Arthur, for he suddenly felt compelled to do so, reached over and took Alfred’s hand.

“Well, I must thank you for saving me from a similar fate, Alfred.”

His smile was back at that and Arthur was grateful for it, for maybe it was his imagination but it seemed the sky had gotten cloudier when Alfred was sad and now the sunshine was back again.

“You deserve it, Arthur. You’re…” he seemed at a loss for words, leaning closer and closer to where Arthur sat until they were practically nose-to-nose. “You’re something extra awesome. I can feel it.” He put his hand over his chest at that, right over his heart.

Arthur could feel it too, the way his heart sped up and began to race. But before he could ask Alfred if he was feeling the same, a loud splash sounded from nearby.

“Was that a mermaid?” He asked, using the distraction to distract himself from the sudden feelings that had surfaced.

Alfred grinned, also glad of the distraction, and stood up and waved towards where the ripples had formed. “Yep! Let me get their attention.”

It should be said that mermaids were not only beautiful creatures, but could be known to be rather blunt and vain due to this beauty. This was very much so the case with the mermaids of Never Land as they all rather liked Alfred but could be rather fickle when it came to other visitors of their lagoon.

Tony, who was hovering nearby, was counting on this behavior.

“Alfred, how are you today my magnifique flying boy?”

The first mermaid to surface was in fact a merman, with shoulder-length blonde hair that waved at the bottom and a bit of stubble on his chin. He was followed by two others, these both actual mermaids, one with long dark pigtails that trailed behind her and another with a long sandy plait of hair adorned with sea flowers.

“Hey Francis! Ingrid, Eva- how are you all doing today?”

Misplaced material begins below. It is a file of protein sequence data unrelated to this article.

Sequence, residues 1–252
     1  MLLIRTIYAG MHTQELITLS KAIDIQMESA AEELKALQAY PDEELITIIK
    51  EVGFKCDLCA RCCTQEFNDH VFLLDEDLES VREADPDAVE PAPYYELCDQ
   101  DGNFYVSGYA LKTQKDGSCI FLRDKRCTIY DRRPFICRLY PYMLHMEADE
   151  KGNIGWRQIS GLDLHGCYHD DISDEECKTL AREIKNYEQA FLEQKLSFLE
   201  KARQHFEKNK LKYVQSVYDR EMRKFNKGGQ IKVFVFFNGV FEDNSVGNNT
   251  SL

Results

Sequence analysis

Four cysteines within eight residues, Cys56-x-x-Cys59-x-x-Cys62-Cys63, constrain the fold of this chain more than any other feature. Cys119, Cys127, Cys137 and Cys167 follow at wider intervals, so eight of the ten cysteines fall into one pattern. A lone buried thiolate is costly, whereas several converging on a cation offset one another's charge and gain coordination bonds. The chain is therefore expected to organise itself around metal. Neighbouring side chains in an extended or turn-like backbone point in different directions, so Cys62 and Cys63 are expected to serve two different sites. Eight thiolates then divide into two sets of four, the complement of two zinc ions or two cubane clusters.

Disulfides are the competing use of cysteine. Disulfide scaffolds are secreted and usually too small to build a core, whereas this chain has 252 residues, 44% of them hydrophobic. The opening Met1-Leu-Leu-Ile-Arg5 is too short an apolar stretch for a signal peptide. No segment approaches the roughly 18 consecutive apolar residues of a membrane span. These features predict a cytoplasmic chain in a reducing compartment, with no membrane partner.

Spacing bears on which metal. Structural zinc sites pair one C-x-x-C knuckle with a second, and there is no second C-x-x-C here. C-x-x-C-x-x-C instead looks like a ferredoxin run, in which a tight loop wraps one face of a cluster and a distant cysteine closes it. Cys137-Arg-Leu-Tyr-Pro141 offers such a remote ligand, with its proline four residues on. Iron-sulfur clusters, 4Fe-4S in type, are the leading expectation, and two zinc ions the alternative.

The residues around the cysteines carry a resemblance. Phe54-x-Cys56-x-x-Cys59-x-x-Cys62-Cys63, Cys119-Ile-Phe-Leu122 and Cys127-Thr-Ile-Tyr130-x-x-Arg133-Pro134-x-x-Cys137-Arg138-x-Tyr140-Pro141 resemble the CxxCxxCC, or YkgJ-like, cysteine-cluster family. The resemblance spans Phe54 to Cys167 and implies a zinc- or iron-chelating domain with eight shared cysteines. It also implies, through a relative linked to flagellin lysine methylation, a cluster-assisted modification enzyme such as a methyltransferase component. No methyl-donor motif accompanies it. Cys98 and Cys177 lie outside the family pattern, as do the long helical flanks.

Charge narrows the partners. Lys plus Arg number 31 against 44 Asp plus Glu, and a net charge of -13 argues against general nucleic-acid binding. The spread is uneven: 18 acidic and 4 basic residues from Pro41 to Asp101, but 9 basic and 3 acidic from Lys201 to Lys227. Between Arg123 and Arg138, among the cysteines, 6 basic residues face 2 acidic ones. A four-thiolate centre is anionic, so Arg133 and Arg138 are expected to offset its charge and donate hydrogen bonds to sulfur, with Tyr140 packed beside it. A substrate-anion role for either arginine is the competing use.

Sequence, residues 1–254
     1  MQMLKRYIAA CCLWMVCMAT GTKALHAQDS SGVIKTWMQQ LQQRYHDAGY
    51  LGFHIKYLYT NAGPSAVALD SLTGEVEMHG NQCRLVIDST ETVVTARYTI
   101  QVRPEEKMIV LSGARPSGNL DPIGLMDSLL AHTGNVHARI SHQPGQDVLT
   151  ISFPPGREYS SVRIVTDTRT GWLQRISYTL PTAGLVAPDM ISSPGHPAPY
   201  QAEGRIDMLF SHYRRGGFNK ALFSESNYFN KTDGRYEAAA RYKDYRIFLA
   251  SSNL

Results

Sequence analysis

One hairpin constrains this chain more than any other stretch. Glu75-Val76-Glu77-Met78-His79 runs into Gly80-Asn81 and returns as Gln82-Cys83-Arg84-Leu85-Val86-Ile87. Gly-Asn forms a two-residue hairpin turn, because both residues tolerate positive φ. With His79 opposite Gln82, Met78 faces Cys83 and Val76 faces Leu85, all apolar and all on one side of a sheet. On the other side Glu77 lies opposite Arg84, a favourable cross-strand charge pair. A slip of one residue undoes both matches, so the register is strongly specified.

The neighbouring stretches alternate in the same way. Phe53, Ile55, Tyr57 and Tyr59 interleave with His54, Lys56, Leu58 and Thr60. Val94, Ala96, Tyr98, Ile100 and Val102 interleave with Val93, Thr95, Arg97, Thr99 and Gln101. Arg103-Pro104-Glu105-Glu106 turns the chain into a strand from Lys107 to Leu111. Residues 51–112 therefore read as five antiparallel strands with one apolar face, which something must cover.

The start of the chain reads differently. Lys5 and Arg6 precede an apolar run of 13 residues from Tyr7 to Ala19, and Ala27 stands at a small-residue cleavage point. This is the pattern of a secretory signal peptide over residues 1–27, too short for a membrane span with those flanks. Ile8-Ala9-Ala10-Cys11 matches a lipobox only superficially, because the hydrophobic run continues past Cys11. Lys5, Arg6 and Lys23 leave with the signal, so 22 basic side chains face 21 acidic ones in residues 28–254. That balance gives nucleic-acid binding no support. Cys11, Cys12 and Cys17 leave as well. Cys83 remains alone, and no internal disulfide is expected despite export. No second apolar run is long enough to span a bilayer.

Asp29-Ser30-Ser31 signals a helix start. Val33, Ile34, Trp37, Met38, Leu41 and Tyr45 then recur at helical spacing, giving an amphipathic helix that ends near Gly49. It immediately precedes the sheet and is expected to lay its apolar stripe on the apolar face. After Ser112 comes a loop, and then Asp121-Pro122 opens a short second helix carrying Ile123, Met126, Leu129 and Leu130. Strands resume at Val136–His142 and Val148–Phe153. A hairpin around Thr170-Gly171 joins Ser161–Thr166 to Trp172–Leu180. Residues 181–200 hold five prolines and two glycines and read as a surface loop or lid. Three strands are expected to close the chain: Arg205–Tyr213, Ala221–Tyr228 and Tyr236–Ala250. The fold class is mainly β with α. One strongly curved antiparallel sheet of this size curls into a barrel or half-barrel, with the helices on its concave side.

While Eva offered Alfred oysters and Francis babbled on about how the sun had to be reflecting what clearly must be gold in Alfred’s hair, Arthur felt distinctly ignored. He finally cleared his throat and immediately regretted doing so.

“Sacre bleu, this one is ugly enough to be a pirate!” Francis stated, beginning to laugh.

“Are those eyebrows or does he have mold growing on his forehead?”

“Alfred, I know you take in some odd friends but this one is…”

Arthur, who had had quite enough, yelled back. “Well I’ve never seen such horridly unpleasant creatures as you lot!”

They just laughed, and right as Arthur leaned down to yell at them some more, Tony flew up and gave Arthur the hardest shove he could. This sent him splashing into the water while the mermaids dove to get out of his way.

Alfred flew up and grabbed Arthur under his arms to lift him out. “Sorry, Arthur. They’re always nice to me so I figured…”

But now Arthur’s temper was ignited and he was into a full tirade by the time Alfred got them to dry land. “And the nerve of that merman! He even splashed me as he dove under and you can’t tell me that bloody arse didn’t do it on purpose!”

Alfred, who found Arthur’s temper to be very amusing, poked him in the cheek.

This earned him a loud huff and a glare. “What, are you going to laugh at me now too? Ask my eyebrows to tell you stories?”

Alfred’s eyes went wide at that, looking far too much like a kicked puppy for Arthur to stay too mad at him, and he gave Arthur’s cheek a pat.

“You’re kind of funny when you’re mad, but no- I don’t think those things. I mean, it’s no weirder than…than…”

At this, Alfred glanced around the shoreline as if he was certain someone was going to overhear it. Then, with a very secretive gesture, he slowly lifted up his green hat, allowing one tuft of hair to spring upwards.

It bobbed about there for a moment before finally stopping and Arthur blinked.

“See?” Alfred poked it down and it sprang back up. “Can’t make it stay down so I hide it under my hat.”

Arthur began to chuckle at this and Alfred frowned.

“Oh no, I’m not laughing at it, it’s just. Well.” Arthur leaned forward and gave the hair a little flick, a smile creeping onto his lips as it sprang right back into position. “I think it’s rather charming, to be completely honest.”

“Charming?” Alfred asked, clearly baffled. “Really?”

Arthur nodded. “Really. It just wants to be independent, that’s all.”

Alfred’s cheeks went pink and he awkwardly shifted his hat from one hand to another before deciding exactly what the best response was. Reaching up he poked a finger to Arthur’s eyebrow, and finding himself suddenly at a loss for words, he spit out the first ones that came to him.

“And these are as cute as caterpillars, so don’t you worry about them, okay?”

“A-All right,” Arthur replied, a bit shocked. No one had ever tried to compliment him about that feature before, so he wasn’t quite sure what to do with himself now that someone had.

But as the two began to fly back towards the hideout, he managed to put aside his own shock for long enough to notice that Alfred’s silly little independent hair was now allowed to remain outside the hat. And that, above all else, brought the biggest smile to his face.
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January 2013